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Creating a System Stored Procedure



In this article I will show you how you can make your own system stored procedure. Simply put, a system stored procedure is any stored procedure with a name that starts with sp_ that is found in the master database. These SP’s can be executed from any database and will run from the context of that database. Any time you execute an SP that starts with sp_ SQL Server goes directly to the master database to find it.

Why Make A System Stored Procedure

I resort to making my own system stored procedure if I can’t find a way to do what I need to do and I want to be able to do it in any database. Before SQL Server 2000 was released I created a stored procedure that could script any table with its corresponding non clustered indexes and primary key. I later designed it to handle default values and clustered indexes. I placed it in the master database so that I could use it in any database and yet only have to maintain one stored procedure. I’m sure there are other reasons. To me you make whatever you need to achieve your companies mission without compromising the integrity of your SQL Servers.

Pit falls

The only problems I am aware of with placing a stored procedure in the master database are:

1.You must be careful to not change anything while in the master database.

2.You must keep a copy of the SP somewhere else because when the master database gets rebuilt your system stored procedures will be gone. This could also happen when applying a service pack and/or during an upgrade to a different version of SQL Server.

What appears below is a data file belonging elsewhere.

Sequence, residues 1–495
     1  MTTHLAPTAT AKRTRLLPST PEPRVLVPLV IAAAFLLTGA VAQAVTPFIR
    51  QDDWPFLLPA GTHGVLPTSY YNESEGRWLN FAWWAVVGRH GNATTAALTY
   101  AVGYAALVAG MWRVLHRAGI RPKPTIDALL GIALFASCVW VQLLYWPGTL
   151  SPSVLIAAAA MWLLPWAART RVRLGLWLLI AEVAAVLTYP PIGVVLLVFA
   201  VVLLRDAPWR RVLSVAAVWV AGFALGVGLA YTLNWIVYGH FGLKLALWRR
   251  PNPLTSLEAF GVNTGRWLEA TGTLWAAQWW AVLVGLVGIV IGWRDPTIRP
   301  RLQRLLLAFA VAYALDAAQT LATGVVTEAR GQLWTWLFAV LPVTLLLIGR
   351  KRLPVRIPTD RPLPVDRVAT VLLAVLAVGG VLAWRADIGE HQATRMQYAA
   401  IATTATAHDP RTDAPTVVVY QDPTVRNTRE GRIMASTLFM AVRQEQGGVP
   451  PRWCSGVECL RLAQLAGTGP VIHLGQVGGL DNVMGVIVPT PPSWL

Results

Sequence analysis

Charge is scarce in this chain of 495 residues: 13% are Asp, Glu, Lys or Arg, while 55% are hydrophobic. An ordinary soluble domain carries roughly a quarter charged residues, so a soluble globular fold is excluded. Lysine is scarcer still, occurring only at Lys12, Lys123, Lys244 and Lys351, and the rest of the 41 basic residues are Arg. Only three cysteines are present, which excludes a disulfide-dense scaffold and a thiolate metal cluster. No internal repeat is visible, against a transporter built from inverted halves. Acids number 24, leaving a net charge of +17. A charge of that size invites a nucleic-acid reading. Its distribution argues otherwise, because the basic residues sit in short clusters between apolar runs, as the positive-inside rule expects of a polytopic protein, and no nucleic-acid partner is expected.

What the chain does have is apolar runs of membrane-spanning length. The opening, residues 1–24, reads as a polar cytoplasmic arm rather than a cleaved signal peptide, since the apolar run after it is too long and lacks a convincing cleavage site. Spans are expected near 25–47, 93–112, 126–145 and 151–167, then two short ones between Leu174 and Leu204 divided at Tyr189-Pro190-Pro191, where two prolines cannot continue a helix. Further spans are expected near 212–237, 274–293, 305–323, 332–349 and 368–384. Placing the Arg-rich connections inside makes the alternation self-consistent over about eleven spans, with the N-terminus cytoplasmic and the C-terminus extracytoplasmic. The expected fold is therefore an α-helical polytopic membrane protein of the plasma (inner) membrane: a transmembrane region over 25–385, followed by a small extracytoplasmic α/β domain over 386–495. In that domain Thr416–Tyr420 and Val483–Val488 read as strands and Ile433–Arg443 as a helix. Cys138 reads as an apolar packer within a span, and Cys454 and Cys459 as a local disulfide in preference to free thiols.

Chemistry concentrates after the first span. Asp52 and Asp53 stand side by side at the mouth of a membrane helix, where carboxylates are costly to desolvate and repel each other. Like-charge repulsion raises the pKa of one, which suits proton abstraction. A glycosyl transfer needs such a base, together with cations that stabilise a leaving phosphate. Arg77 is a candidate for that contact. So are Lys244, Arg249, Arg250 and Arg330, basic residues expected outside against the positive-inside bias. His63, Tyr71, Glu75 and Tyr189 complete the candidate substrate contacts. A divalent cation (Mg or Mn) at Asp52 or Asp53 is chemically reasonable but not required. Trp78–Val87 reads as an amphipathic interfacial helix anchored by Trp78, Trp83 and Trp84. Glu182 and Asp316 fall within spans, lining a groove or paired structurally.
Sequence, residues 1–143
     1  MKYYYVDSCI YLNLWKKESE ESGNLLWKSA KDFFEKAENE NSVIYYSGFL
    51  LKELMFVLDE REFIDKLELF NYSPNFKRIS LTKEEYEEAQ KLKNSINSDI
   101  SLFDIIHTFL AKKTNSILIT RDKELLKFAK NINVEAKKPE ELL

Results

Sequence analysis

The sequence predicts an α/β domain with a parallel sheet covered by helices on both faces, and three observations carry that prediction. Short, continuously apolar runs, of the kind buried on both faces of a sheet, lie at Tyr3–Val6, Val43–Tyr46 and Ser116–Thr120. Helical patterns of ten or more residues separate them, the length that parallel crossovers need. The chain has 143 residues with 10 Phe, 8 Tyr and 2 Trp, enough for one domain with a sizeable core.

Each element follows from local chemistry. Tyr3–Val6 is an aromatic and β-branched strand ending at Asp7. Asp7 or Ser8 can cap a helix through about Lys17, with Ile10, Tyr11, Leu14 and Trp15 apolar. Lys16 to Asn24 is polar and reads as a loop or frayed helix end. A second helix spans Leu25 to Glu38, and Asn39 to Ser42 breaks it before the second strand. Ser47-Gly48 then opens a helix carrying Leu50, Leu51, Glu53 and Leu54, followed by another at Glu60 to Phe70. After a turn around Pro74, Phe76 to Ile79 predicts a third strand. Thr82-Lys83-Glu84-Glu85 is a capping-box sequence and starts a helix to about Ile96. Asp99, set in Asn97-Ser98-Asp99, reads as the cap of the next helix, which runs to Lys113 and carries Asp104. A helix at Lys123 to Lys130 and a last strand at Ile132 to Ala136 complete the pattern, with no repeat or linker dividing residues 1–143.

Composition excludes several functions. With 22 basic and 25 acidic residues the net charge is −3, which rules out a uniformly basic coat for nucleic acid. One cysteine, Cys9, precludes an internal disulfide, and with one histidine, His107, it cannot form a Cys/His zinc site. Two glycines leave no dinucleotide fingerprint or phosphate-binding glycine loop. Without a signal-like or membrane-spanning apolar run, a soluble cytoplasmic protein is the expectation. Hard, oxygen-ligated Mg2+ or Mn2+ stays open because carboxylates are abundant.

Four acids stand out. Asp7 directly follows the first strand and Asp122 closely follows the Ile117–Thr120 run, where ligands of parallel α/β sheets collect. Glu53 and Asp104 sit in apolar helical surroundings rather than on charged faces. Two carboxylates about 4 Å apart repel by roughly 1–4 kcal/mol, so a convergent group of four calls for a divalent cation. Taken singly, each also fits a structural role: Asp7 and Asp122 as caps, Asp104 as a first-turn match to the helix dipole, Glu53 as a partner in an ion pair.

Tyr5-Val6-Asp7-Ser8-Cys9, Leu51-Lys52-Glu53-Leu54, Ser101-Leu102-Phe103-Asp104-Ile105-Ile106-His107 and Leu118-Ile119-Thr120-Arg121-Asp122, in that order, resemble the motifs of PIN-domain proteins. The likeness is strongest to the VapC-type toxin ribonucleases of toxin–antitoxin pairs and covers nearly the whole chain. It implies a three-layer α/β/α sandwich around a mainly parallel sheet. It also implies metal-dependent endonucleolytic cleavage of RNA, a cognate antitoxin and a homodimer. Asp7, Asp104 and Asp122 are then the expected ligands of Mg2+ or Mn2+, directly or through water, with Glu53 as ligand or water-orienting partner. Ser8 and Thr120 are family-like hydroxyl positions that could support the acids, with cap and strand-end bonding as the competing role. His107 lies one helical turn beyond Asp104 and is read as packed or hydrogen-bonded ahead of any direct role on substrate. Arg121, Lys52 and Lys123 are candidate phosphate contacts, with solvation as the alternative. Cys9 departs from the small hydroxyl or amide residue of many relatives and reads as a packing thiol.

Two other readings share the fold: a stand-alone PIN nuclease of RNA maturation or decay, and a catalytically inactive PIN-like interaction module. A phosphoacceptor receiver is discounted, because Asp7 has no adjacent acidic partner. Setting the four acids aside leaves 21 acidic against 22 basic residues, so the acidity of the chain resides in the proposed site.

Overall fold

3.You must be sure you only give access to these SP’s to as few people as possible. The ones I have created and fielded have only been used by people with sa permissions on that SQL Server.

A Simple System Stored Procedure

The below stored procedure will give you all the table names that have a specified column name in them:



@ColumnName varchar(128)

) AS


FROM sysobjects




FROM syscolumns

WHERE name = @ColumnName


AND xtype = 'U'

Create this stored procedure in your master database on a development SQL Server. Now execute the following code from the Northwind database:

EXEC sp_FindTableNames @ColumnName = 'employeeID'


Whenever using system tables you must keep in mind that Microsoft could change the table structure at any time. If they do then you might have to revise all the system stored procedures you create.


I have not found many reasons to create system stored procedures. However, I believe that creating your own can be useful and with proper testing will not compromise your SQL Servers.


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